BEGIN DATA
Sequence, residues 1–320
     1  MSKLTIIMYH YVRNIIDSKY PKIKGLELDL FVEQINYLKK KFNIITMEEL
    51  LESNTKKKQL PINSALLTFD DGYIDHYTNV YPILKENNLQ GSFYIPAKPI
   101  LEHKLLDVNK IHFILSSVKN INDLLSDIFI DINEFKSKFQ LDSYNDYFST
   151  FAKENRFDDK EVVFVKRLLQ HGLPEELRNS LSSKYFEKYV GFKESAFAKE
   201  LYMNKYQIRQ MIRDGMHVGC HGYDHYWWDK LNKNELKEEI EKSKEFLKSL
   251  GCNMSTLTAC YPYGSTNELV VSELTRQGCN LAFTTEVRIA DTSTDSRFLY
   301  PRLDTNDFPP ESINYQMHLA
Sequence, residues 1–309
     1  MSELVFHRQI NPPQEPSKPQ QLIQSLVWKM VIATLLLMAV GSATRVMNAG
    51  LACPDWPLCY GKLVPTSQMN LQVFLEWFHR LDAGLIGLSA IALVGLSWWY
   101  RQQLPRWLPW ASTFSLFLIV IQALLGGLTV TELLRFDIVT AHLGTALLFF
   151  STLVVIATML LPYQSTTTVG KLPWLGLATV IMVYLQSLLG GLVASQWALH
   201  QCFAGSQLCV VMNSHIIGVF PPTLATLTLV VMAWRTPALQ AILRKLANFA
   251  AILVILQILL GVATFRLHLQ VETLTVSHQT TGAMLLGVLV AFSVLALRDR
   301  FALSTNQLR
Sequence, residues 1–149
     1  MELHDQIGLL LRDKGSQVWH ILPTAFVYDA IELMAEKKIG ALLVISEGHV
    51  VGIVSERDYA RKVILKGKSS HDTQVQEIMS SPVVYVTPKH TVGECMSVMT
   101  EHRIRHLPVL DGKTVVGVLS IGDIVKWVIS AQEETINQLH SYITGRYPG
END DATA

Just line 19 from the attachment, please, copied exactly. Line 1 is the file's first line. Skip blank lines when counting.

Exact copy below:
    51  VGIVSERDYA RKVILKGKSS HDTQVQEIMS SPVVYVTPKH TVGECMSVMT